Mysterious Cappadocia


From Bodrum, we ventured into Cappadocia, a region of central Turkey that we had not visited for many years. A remarkable area, it is best known for its surreal rock formations, which create one of the most distinctive landscapes on earth.

Ten million years ago, huge volcanic eruptions covered central Anatolia in tons of ash and lava. Over the eons, this was compressed to form an exceptionally soft and porous tufa. Rain and wind gradually eroded the tufa to create tall conical towers, since dubbed "fairy chimneys." Because the rock could so easily be carved out, early Christians and hermits journeyed to Cappadocia to construct shelters and monasteries. The most striking examples of their labors are the cave churches of Göreme — a UNESCO World Heritage site — that contain spectacular and well-preserved Byzantine frescoes. Many of the most complex and colorful frescoes are to be found in the so-called Dark Church, which has recently been restored.

We made our base in the town of Ürgüp, at a small hotel called Selçuklu Evi. Just off one of the town's plazas, this charming property is fashioned from five old houses built around a peaceful garden. Although rather small, our appealing suite had a sitting alcove ringed with windows, a comfortable bed and a marble shower of adequate size. Breezes during the day kept the room comfortable, but we were grateful for the air-conditioning at night. To our surprise, the in-room Wi-Fi proved fairly reliable.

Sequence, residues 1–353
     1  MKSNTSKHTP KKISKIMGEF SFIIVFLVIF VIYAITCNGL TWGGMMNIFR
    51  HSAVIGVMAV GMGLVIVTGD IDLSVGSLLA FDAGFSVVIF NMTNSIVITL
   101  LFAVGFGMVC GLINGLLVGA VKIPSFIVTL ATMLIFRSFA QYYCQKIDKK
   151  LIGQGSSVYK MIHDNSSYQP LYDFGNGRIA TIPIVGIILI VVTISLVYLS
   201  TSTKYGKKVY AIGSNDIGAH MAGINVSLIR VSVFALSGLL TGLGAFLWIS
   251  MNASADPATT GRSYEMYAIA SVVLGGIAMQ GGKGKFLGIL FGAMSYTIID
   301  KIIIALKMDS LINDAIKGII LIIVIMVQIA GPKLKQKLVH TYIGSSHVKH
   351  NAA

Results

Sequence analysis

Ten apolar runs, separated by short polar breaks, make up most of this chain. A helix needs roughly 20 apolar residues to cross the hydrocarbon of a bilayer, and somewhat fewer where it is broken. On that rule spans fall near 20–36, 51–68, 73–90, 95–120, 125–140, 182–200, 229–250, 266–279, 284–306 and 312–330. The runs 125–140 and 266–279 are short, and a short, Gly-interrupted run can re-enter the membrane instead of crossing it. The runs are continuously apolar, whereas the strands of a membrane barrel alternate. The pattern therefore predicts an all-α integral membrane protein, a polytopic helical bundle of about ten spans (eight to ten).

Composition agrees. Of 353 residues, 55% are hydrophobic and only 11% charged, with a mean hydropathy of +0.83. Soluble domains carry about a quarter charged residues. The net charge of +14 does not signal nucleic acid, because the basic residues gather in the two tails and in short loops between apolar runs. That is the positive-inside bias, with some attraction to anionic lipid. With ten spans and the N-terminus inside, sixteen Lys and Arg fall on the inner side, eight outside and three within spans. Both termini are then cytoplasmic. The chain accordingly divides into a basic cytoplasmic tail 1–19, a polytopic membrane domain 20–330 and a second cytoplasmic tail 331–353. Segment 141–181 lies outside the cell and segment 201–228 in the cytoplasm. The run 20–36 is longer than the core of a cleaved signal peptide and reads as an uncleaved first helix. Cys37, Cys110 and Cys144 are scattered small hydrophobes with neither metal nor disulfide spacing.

The hotel's restaurant is excellent, a specialty being pot kebabs, or meat dishes cooked in a sealed clay vessel whose top is broken off just before the meal is served. On another occasion, we dined at Ziggy Café, a short walk away. Despite the unlikely name, Ziggy is housed in a fine stone building with an attractive interior and a terrace with a tent-like roof. We opted for an assortment of mezze that included a spicy red lentil dip; tangy soft cheese infused with herbs; a sampling of pastirma, slices of sun-dried beef coated with a paste of garlic, fenugreek seeds and salt; and börek, little pastries filled with cheese, minced meat and spinach. This feast was served with crisp, flavorful bread and a bottle of good local wine.

Overall, Selçuklu Evi is an appealing and well-located hotel. The owner's relentless efforts to sign me up for a hot air balloon trip were annoying, as was his hard sell on an affiliated carpet shop. But this is a comfortable place to stay, even if not quite up to my normal demanding standards.

Romantic Suite, $205; Sultan Suite, $430. Yunak Mahallesi P.K. 55, Ürgüp. Tel. (90) 384-341-7460.

By Hideaway Report Editor Hideaway Report editors travel the world anonymously to give you the unvarnished truth about luxury hotels. Hotels have no idea who the editors are, so they are treated exactly as you might be.

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